Bad-check collectors come under fire
Debt collectors aren't supposed to zing you with false threats, but bad-check collectors who work for prosecutors have been doing so for years, under an exemption from federal collection law.
Now, however, the collectors are under fire from the federal government's consumer protection cop. On Monday, the U.S. Consumer Financial Protection Bureau cracked down on one of the largest bad-check contractors in the U.S., sending a warning to the rest of the industry.
"National Corrective Group masqueraded as prosecutors and used deceptive tactics to intimidate consumers into paying hundreds of dollars in extra fees," CFPB Director Richard Cordray said. The debt collector sent letters with prosecutors' letterhead -- and their signatures -- threatening criminal action.
The company's actions disqualified it from the legal exemption from collection rules, the CFPB said. In a settlement awaiting court approval, the California-based company and two affiliates agreed to pay a $50,000 fine and stop posing as an arm of the law.
Ten states allow local prosecutors to use pretrial diversion programs to collect bad checks. County prosecutors may contract with debt collectors to handle reimbursement of bounced checks, most of which are the result of errors, not fraud.
Consumer advocates say prosecutors are outsourcing a piece of the justice system to profit-driven debt collectors. As a result, intimidated consumers often pay collection fees that dwarf the amount of the check. National Corrective Group, for example, charged consumers $130 to $190 for financial accountability classes that it implied were mandatory, according to court papers.
In most states, consumers who bounce a check may be charged fees by the affected merchant as well as their bank, but they are not legally required to pay debt collectors for education programs.
"I'm glad the federal government finally took some steps to stop it," said Steven Ort, a consumer rights attorney in Iowa. "Nobody should be threatened with criminal prosecution by a debt collection outfit."
Ort represented Lori Liles in a landmark class-action lawsuit against American Corrective Counseling Services Inc., a major bad-check collector. After Liles bounced a $42 check at Wal-Mart in 2000, she received a letter from the company on the county attorney's stationery falsely saying that a criminal complaint was being processed against her. The letter said she must pay $135 in fees, as well as the amount of the check.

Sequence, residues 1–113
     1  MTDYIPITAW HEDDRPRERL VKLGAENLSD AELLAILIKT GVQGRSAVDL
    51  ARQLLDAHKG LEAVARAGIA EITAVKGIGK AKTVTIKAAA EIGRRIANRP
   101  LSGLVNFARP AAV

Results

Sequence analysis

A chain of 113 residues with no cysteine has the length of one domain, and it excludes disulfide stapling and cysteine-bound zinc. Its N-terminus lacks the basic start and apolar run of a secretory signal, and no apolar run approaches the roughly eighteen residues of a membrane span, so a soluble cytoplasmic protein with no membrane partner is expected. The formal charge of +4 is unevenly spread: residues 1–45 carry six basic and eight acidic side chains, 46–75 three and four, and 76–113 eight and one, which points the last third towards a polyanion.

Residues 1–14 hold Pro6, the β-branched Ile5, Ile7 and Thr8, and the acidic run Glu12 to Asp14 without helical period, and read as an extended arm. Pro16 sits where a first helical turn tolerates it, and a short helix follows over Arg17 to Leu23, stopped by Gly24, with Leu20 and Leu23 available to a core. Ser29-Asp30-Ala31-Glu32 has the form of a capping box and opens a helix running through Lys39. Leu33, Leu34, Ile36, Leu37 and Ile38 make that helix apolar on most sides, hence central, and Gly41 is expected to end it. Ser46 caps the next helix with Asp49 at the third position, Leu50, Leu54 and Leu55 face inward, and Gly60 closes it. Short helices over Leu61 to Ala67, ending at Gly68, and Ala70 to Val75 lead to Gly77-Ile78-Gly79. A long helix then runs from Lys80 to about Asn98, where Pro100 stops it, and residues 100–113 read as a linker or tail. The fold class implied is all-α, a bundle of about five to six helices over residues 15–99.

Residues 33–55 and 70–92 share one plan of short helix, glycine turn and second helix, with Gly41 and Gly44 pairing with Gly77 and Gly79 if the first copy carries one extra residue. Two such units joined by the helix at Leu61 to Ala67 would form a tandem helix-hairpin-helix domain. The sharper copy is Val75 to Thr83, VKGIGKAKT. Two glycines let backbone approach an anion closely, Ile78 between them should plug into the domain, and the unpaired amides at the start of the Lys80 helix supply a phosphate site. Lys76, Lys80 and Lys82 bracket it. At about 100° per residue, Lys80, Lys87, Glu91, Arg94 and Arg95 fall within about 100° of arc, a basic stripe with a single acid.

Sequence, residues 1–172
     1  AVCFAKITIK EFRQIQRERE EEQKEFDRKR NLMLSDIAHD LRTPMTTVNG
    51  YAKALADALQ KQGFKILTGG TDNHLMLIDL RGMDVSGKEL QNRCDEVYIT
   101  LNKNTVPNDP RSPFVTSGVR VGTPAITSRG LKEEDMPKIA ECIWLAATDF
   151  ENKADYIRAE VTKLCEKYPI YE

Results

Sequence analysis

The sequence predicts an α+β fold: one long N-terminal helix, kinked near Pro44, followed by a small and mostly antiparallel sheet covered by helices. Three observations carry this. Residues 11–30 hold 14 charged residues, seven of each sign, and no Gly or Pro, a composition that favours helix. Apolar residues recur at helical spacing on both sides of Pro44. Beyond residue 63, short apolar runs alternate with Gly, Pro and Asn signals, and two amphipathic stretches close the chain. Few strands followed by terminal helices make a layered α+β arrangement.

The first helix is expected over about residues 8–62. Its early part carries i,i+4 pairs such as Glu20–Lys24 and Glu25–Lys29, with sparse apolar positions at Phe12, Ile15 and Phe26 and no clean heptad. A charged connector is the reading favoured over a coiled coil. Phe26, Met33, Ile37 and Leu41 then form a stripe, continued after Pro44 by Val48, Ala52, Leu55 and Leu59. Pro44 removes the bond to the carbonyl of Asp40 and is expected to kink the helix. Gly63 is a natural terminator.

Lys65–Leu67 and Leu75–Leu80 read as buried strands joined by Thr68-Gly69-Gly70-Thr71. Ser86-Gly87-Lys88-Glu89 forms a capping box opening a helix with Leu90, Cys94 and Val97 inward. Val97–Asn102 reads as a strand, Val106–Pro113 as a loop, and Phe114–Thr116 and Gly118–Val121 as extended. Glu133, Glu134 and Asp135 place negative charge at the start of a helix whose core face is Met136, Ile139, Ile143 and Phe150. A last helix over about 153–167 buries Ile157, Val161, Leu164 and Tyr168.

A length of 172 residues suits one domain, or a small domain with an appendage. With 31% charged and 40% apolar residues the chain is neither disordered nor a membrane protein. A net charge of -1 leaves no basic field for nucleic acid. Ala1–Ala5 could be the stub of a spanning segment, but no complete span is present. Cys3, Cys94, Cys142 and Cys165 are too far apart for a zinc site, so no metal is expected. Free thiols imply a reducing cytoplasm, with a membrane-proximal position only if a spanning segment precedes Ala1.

After the company settled the case, collectors and a lobby group for district attorneys convinced Congress to create an exemption from debt collection law for check diversion contractors. The exemption from the U.S. Fair Debt Collection Practices Act took effect in 2006.
"There's a certain level of frustration," Ort said. "You go through this [court action] and put a stop to it, and then they change the law." A bad check must be intentional for it to be considered a crime, he said, so threats of prosecution are baseless for routine overdrafts.
Collectors reined in
The CFPB's crackdown moves to rein in practices that have flourished under the exemption. National Corrective Group is the successor company of American Corrective Counseling Services, having bought its business in 2009.
In court papers made public Monday, the consumer protection bureau said the company overstepped the limits of its exemption from collection law. The exemption requires prosecutors to review consumers' cases before check collectors can contact them, the CFPB said. Less than 1 percent of consumers who received warning letters of criminal action had their cases referred to authorities for possible prosecution.
Under the proposed settlement, National Corrective Group must stop using district attorneys' letterhead and signatures, and refrain from making false threats of arrest and prosecution. In addition, prosecutors' offices must review cases before the collector can offer them the diversion program. The law also requires collectors to inform you of your right to dispute the allegations.
The federal crackdown may bring changes in check collection programs in general, the National District Attorneys Association said. "We don't expect wholesale changes," association executive director Kay Chopard Cohen said in an email response to questions. "But we hope that working together we can make sure the law is properly enforced and citizen rights protected at the same time."
The agency's court complaint also names as defendants National Corrective Group's chief executive Mats Jonsson and its affiliate companies, American Justice Solutions Inc. and Victim Services Inc.
The states with pretrial bad-check diversion programs are Arizona, California, Connecticut, Florida, Illinois, Minnesota, Oklahoma, Oregon, South Carolina and Wisconsin, according to the National Conference of State Legislatures.
Some states have taken steps to rein in abusive check collection programs in advance of the federal crackdown. In 2013, Oregon lawmakers prohibited public agencies from allowing their seal or letterhead to be used by debt collectors. As a result, some Oregon prosecutors stopped outsourcing check collection.
"The changes make it more difficult and resource-intensive for Oregon District Attorney's offices to use bad-check diversion programs," Lane County District Attorney Alex Gardner said in a 2013 news release.
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